Some Georgia lawmakers flip flopped on a multi-million dollar tax break last week, struggling to find their footing on legislation that would benefit two counties in metro Atlanta.

State Representative Dominic LaRiccia, who represents three counties in rural South

State Rep. Dominic LaRiccia – Photo: Georgia House of Representatives

Georgia, brought House Bill 793 to the House floor on Crossover Day – the final day bills must pass through a legislative body and ‘crossover’ to the other chamber before they are considered ‘dead’ for the session.

The bill provides a $4.5 million tax exemption for the Georgia Aquarium and a near one million dollar tax break for an automobile museum in Bartow County, just north of Atlanta. Both entities are 501(c)3 nonprofit organizations, but would be among a select few receiving special tax privileges under the state tax code.

State Reprsentative John Pezold, a Republican from Columbus, questioned the measure as LaRiccia stood in the Well of the

State Rep. John Pezold – Photo: Georgia House of Representatives

House before his colleagues. Pezold challenged the legitimacy of giving preferential treatment to one 501(c)3 organization over another. “One of my books I was assigned reading in high school was Animal Farm and I think a part of that book said, “All animals are created equal, only some are more equal than others.” Is the Georgia Aquarium more equal than other non-profits in this state?”

LaRiccia fired back, “I’m not going to be able to answer that one for you, but the gentleman can make the decision based on what he thinks he knows,” moments before the bill failed in a vote of 73-94.

The full video of the presentation and the exchange is below.

But that wasn’t the end of it.

The bill failed to garner enough votes after it was presented by LaRiccia, but LaRiccia immediately moved for the House to reconsider the measure and vote again. His request was followed by testimony, disguised as ‘inquiries,’ from Representatives Coomer and Battles – both of whom represent the City of Cartersville, a beneficiary of the bill. Members of the House agreed to vote on the measure again, and two hours later, 31 members of the House switched their previous NO votes to a YES vote on the tax exemption. The bill was the exact same language as the first time when it failed.  House Bill 793 passed 107-62.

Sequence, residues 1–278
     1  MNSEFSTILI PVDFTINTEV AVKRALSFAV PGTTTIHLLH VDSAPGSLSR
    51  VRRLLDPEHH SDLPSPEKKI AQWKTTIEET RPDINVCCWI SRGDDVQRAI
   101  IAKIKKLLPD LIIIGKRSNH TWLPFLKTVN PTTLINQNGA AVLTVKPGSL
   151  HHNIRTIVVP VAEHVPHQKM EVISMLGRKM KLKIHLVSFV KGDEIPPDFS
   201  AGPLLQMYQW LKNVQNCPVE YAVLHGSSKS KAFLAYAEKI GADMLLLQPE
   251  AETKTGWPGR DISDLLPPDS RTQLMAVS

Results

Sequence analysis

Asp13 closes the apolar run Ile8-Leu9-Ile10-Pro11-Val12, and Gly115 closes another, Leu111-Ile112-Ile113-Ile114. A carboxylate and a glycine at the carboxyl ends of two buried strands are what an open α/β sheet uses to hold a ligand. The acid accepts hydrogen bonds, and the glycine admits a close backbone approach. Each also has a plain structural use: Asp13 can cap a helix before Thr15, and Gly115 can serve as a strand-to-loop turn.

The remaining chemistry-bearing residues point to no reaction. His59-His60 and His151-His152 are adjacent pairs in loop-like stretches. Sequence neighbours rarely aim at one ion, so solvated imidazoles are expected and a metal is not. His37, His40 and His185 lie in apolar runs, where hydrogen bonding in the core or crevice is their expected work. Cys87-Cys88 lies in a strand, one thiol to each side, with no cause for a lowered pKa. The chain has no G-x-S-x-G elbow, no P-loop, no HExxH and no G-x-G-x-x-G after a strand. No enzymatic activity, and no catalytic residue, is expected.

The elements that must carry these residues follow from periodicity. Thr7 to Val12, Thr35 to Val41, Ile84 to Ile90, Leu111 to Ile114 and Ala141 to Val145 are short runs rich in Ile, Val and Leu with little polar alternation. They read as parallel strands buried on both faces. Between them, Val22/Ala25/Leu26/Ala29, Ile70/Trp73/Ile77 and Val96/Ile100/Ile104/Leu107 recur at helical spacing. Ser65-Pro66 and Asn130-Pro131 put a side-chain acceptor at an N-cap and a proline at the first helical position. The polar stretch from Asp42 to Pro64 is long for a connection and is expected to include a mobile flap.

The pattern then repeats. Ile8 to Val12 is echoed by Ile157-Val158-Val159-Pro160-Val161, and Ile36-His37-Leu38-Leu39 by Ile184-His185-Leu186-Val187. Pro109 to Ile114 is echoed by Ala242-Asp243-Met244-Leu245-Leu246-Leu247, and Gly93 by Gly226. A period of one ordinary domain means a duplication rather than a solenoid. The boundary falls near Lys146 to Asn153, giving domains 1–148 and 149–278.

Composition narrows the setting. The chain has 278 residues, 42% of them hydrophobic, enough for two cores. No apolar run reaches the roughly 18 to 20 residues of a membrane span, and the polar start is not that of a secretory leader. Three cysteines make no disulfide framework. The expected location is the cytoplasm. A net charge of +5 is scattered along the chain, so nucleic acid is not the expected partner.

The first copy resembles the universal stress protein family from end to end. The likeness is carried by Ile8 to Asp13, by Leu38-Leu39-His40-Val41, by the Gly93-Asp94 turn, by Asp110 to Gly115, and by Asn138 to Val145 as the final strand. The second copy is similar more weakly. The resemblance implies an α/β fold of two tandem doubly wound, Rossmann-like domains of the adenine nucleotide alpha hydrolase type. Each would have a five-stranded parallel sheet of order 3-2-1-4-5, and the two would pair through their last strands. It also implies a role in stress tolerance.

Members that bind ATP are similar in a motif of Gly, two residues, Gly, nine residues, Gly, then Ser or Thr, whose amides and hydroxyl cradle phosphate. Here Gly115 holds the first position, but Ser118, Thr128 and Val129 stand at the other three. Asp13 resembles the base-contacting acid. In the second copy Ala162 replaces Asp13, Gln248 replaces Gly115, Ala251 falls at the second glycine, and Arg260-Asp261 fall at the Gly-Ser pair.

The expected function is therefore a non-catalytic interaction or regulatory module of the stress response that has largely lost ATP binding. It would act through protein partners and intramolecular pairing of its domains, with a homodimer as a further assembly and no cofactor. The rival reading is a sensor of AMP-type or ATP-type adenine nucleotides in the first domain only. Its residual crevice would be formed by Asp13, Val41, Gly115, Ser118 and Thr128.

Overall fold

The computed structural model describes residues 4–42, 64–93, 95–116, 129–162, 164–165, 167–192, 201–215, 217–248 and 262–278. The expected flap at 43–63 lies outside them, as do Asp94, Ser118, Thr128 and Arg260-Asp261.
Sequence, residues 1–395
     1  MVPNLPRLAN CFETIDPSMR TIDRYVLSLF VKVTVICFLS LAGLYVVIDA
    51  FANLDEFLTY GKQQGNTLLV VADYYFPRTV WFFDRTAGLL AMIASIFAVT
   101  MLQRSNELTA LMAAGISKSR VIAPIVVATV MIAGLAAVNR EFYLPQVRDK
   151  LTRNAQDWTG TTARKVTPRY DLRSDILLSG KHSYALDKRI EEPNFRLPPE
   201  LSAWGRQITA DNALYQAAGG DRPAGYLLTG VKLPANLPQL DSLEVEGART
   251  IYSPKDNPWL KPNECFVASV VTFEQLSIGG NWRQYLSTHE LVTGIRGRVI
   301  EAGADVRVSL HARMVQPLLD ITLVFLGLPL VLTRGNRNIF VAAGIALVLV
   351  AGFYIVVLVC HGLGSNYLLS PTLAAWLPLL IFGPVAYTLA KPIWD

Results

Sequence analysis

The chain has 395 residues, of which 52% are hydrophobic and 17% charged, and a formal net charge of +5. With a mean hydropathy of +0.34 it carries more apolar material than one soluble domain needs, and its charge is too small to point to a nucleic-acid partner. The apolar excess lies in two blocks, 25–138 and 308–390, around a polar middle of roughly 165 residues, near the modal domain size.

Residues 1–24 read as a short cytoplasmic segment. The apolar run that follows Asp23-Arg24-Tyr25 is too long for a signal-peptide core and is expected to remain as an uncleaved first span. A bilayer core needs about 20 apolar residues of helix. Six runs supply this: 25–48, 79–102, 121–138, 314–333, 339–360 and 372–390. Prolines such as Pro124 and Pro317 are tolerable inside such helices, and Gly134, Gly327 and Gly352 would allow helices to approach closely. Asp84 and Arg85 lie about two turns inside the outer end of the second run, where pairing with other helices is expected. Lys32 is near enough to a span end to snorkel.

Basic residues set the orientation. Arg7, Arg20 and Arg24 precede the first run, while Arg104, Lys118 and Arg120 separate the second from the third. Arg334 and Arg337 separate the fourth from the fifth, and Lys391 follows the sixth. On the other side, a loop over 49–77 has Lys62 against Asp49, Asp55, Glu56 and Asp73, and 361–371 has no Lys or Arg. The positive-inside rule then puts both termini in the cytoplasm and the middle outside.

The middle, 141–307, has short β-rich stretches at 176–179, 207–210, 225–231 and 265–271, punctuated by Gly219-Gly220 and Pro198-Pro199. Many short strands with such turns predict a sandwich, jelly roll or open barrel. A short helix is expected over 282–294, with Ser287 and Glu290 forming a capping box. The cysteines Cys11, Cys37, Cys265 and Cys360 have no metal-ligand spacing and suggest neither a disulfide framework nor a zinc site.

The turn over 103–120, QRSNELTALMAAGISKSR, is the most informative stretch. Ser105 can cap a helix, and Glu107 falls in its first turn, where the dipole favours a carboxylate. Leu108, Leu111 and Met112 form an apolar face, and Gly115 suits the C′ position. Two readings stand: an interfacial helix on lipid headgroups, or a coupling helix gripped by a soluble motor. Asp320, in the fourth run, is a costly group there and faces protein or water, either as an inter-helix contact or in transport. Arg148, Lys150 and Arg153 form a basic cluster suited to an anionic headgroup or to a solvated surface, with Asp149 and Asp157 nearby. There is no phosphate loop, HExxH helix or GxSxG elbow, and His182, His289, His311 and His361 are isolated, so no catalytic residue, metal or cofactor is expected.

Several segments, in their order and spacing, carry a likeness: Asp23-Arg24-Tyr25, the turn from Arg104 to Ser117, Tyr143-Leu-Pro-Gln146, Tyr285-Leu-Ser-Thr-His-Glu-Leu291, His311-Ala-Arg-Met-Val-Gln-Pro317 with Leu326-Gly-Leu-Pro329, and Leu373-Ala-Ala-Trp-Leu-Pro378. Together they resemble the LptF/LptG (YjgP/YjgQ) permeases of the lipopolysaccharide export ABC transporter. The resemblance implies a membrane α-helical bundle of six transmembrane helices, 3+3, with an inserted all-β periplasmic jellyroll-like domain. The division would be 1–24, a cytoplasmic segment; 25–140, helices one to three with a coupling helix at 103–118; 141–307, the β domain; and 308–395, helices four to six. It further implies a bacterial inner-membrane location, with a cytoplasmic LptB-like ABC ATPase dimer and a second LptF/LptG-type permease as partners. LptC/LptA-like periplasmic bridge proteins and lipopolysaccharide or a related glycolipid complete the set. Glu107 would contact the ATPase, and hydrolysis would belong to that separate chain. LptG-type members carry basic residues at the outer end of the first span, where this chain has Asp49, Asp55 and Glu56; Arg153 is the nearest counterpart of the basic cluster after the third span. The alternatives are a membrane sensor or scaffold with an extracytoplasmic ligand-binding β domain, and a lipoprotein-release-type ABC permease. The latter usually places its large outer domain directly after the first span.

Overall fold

The list of legislators who voted to block the tax exemption before switching their vote to pass the massive exemption includes:

  • Alexander, Kimberly (D)
  • Belton, Dave (R)
  • Bennett, Karen (D)
  • Bentley, Patty (D)
  • Buckner, Debbie (D)
  • Chandler, Joyce (R)
  • Clark, Heath (R)
  • Cox, Clay (R)
  • Frazier, Gloria (D)
  • Glanton, Mike (D)
  • Golick, Rich (R)
  • Gordon, J. Craig (D)
  • Gravley, Micah (R)
  • Greene, Gerald (R)
  • Hugley, Carolyn (D)
  • Jackson, Mack (D)
  • Jones, Jeff (R)
  • Kirby, Tom (R)
  • Martin, Chuck (R)
  • Mathiak, Karen (R)
  • McClain, Dewey (D)
  • McGowan, Bill (D)
  • Mosby, Howard (D)
  • Powell, Alan (R)
  • Rakestraw, Paulette (R)
  • Rynders, Ed (R)
  • Sharper, Dexter (D)
  • Stephens, Mickey (D)
  • Taylor, Darlene (D)
  • Thomas, Erica (D)
  • Wilkerson, David (D)

Four legislators voted NO on the first round and skipped voting the second time. That list includes Wes Cantrell (R), Bubber Epps (R), Jesse Petrea (R), and Sheila Clark Nelson (D).

Two legislators voted YES the first time and chose to vote NO the second time, including Dan Gasaway (R) and Vernon Jones (D).

The bill now heads to the Senate for consideration.

Here is the link to the first vote
Here is the link to the vote on the Motion to Reconsider.
Here is the link to the second vote.
The full text of the bill is available here.

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